OBG talks to Ramon Jimenez, Secretary, Department of Tourism (DoT)

Ramon Jimenez, Secretary, Department of Tourism (DoT)

Interview: Ramon Jimenez

How can the Philippines distinguish itself from alternative tourism destinations in the region?

RAMON JIMENEZ: The Philippine tourism industry will now be run as a business, whereas in the past the DoT operated largely as a regulatory body. We will now be working more than ever with an eye towards market share, profit, building revenue and generating employment opportunities for Filipinos. The Philippines has never really competed for its share of tourists’ attention, but we are now determined to do that starting in 2012, and the spadework began in 2011.

The recently unveiled branding campaign, featuring the tagline, “It’s more fun in the Philippines”, will be launched during 2012. The campaign was created using insight from the various players of the industry and is definitely the most competitive campaign that the Philippines has ever utilised. It is designed to build market share by focusing on the strengths of the Philippines as a destination. I believe that the Philippines is not a place just to be seen, it is a place to be experienced, because Filipinos complete the experience.

Filipinos are known worldwide for their capacity for caring and comfort – one need only look at the proportion of Filipinos operating in the global nursing and hospitality industries. By connecting this positive image of the Filipino to the country, we are hoping to reform the image of the Philippines abroad and to give the country’s people more of a direct connection to the success of the industry. We have set the ambitious target of 10m visitors by 2016, which we feel is meaningful to the country’s economy. Anything short of that will continue to land us in last place in terms of the region. There were about 3.9m visitors in 2011, and we are on track for at least 4.2m visitors by the end of 2012.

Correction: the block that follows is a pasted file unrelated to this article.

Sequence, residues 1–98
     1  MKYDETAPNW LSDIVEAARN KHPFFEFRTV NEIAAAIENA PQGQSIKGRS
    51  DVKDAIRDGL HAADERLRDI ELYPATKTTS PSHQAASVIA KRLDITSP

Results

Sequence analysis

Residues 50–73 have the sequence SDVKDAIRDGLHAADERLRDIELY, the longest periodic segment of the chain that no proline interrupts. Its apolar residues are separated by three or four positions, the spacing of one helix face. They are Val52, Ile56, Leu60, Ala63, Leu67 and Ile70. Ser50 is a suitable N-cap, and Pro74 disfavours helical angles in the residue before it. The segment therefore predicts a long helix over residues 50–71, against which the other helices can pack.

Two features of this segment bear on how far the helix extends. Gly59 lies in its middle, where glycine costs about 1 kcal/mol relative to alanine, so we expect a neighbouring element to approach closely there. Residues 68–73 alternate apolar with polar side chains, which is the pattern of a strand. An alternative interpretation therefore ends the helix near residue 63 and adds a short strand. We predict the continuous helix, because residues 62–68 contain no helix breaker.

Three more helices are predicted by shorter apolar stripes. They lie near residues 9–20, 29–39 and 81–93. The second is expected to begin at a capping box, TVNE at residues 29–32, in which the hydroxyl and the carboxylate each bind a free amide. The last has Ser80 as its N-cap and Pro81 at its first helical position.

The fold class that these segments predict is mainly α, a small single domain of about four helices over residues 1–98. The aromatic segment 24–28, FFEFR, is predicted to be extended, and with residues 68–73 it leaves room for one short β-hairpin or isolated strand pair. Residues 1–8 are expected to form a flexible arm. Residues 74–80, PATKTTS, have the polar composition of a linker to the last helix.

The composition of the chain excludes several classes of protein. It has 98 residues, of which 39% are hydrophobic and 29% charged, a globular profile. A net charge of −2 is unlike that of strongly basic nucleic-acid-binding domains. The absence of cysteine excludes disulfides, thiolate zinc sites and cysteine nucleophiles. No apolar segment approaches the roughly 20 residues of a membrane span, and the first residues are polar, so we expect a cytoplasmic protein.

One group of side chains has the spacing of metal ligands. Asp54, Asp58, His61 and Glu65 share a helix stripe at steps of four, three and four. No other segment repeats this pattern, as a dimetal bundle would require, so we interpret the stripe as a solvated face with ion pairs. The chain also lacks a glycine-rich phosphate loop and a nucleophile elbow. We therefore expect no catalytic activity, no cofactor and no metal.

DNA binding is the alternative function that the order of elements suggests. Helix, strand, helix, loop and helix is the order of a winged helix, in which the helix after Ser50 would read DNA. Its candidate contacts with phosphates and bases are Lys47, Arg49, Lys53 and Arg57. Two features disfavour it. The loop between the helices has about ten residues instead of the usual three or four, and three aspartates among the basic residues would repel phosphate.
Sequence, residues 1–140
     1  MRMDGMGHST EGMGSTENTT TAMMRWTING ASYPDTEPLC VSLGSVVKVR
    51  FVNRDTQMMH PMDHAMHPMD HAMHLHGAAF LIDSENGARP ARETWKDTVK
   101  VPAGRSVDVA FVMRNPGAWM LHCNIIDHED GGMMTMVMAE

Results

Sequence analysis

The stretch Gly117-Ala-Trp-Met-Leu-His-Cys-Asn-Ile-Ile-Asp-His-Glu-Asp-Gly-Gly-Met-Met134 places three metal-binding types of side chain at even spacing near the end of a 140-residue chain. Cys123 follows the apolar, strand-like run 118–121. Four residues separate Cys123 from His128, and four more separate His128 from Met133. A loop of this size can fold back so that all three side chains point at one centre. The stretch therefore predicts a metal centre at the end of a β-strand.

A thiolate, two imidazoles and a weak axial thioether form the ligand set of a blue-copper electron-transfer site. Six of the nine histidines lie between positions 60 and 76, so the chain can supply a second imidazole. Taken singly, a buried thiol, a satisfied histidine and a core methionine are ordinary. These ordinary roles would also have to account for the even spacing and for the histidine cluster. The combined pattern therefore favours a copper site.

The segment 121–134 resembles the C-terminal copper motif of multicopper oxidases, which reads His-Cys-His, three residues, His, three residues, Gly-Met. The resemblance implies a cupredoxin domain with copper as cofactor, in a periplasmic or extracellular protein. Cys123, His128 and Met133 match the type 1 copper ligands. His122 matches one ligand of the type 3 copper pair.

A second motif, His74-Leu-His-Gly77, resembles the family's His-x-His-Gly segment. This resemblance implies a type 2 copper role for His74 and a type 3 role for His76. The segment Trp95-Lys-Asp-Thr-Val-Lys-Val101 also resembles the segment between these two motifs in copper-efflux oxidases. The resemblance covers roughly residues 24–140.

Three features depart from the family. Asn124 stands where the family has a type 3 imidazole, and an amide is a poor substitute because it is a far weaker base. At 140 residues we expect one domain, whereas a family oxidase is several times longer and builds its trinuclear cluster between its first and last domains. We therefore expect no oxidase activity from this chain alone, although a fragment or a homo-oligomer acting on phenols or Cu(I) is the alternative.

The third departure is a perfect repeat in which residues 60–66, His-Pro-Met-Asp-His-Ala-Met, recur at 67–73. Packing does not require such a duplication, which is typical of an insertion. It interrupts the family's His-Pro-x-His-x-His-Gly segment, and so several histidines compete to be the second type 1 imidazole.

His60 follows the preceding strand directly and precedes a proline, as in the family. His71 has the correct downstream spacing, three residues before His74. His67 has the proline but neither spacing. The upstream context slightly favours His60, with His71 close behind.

Which segments of the tourism industry have the most opportunities for investment?

JIMENEZ: With an anticipated growth rate in the industry of at least 15% per year, there will be ample opportunities for development within the sector. The biggest need for investment will be in to expand capacity of budget and mid-level hotels, but as momentum builds within the sector, we expect to see many more investors looking to tourism developments as sound investments, and we do not anticipate any issues meeting demand for hotel rooms or aeroplane seats.

There is also, of course, a huge need for investment in transport infrastructure, and this is where private-public partnership (PPP) projects will come in. While some have criticised the slow launching of these projects, the truth of the matter is that the country is for the first time pursuing such projects in the proper way with regard to transparency and accountability. There is naturally a learning curve, but by 2014, people will see that the transport infrastructure has been built, and it will have been constructed the right way for the right price. Finally, ecotourism presents the Philippines with a fantastic opportunity. Ironically, the advancement of the world’s tourism market is now very much about ensuring preservation and conservation go hand-in-hand with development. We believe that tourism as an industry is headed in the direction of the Philippines because many areas in the country remain relatively untouched, and many people want to experience that.

How can the tourism industry work as a key driver for employment and economic growth?

JIMENEZ: The attitude that the current administration has adopted is that the tourism industry is not about counting people disembarking from an aeroplane, but about generating income in the country that was previously unavailable. Tourism acts as one of the most effective vehicles for social and economic advancement throughout the country, and most developments in the sector exhibit the multiplier effect.

Moreover, the development of a hotel or resort is always accompanied by the creation of other industries around it. In this way, the country is set to enjoy a broad range of economic and social benefits, well beyond those provided directly by tourism facilities.

Anchor text: 
Ramon Jimenez

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The Report: The Philippines 2012

Tourism chapter from The Report: The Philippines 2012

Cover of The Report: The Philippines 2012

The Report

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